Wednesday, April 09, 2014

Is crowdsourcing the answer for NBC?

When companies that rarely innovate attempt "open innovation"  I often wonder:  is this a sign that they finally understand the number and range of excellent ideas in the broader world, or is this a desperate sign that they've recognized the idea well is dry internally, and are left with nothing but an external search for ideas?

This question presented itself to me today when I read that NBC is crowdsourcing ideas for new TV shows.  Is NBC leading the way to greater democratization of television, breaking down barriers to find new talent and better stories, or have they simply exhausted their regular sources?  It will be an interesting experiment to watch.

While I don't have the data at hand as I write this, I've seen statistics that suggest that ABC looks at over 800 ideas for new shows in a season, and will actually script about 20 and create about 10 pilots.  Of these, typically two or three new series will enter a lineup, and typically one or two of those will fail.  This math isn't a surprise to many of us in the innovation space - it often takes a lot of ideas to uncover some really good ones, and with selection bias and other factors at work even ideas that seem great internally may falter when they encounter the audience.

What NBC is doing is a high wire exercise, and I wonder if they are prepared for the results.  While they are asking for ideas from their audience, I doubt that they've done much to change how they evaluate ideas or the internal culture of the network.  If you read the article you'll see that the judge panel they are using to evaluate ideas and pilots consists of a range of comedic talent that they've featured in other shows, some successful and some that failed.  If NBC really wanted to understand what people want, they'd go further, allowing crowdsourced ideas to be evaluated and ranked by the crowd.  One wonders if they know who their audience is and what they want.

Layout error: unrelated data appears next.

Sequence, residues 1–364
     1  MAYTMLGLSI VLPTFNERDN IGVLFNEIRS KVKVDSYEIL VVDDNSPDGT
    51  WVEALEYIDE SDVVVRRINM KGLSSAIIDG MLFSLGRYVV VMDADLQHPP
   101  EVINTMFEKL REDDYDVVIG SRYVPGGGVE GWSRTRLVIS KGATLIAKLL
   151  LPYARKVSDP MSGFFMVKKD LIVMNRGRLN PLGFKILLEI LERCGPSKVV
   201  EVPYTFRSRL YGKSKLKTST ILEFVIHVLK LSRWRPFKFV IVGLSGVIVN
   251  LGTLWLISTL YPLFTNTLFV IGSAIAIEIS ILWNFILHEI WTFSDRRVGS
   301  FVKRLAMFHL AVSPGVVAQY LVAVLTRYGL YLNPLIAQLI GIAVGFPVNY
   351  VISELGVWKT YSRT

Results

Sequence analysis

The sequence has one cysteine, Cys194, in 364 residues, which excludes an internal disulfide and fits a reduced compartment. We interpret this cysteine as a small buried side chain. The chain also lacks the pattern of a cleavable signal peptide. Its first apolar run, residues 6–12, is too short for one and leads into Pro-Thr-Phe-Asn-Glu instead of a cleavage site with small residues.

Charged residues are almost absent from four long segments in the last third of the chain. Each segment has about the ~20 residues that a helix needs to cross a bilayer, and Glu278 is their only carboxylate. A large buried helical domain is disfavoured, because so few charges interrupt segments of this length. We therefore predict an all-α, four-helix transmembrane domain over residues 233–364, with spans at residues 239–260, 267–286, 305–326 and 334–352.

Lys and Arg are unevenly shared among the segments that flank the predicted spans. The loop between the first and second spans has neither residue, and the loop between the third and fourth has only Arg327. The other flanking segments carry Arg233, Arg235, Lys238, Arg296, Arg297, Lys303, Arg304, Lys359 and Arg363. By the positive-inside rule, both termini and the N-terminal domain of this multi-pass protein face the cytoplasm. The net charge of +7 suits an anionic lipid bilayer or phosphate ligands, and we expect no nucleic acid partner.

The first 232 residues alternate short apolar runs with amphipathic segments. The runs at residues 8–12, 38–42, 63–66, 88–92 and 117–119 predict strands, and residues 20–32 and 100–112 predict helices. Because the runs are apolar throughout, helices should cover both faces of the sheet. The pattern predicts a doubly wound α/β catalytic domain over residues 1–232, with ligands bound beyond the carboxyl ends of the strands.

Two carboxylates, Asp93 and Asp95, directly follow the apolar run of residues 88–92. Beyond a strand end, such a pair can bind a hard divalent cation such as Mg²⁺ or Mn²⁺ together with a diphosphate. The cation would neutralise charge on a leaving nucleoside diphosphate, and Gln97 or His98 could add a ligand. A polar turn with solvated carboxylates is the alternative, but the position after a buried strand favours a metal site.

The audience is increasingly separating.  People over 50 are not finding much on TV worth watching on the "big four" especially comedies, because they don't reflect what the audience does.  People under 50 are increasing consuming content on the web that can be spun up quickly, with little cost or risk, or are playing video games or consuming other content.  Few people in the audience are willing to allow a set schedule to force them to watch what's presented, or when it's presented.

ABC's Modern Family is probably the pre-eminent show for a number of reasons, including the fact that a wide range of demographics are represented (old, young, gay, straight, even some people of color) and manages to be both poignant and funny.  The rest of the sitcoms and comedies on TV rehash old plots and present caricatures that aren't funny.  Large studios face increasing competition from anyone with a web cam and the ability to upload content on YouTube, which is where my 15 year old spends as much time as anywhere else consuming content.

So, NBC's experiment should be fascinating.  The questions we should ask:

  • If NBC is presented with some really good comedic talent and content, will they recognize it?
  • If they accept new shows, will they have the courage to leave the ideas and talent alone, or will they force it into the boxes that they understand?
  • If they can successfully bring new shows to market, will anyone be left watching regular broadcast TV anyway?
  • Can NBC innovate not the content of the show but the entire broadcast model, competing more with webcast, YouTube and other online content providers to reach new consumers where they are, rather than compete with ABC in "primetime"?
Innovators, here's your chance.  If we are all as smart and funny as we all think we are, we should be able to create interesting, funny shows that can't be ignored by the studio.  I'm hoping to see some of your ideas at NBC in the near future.
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posted by Jeffrey Phillips at 4:36 AM


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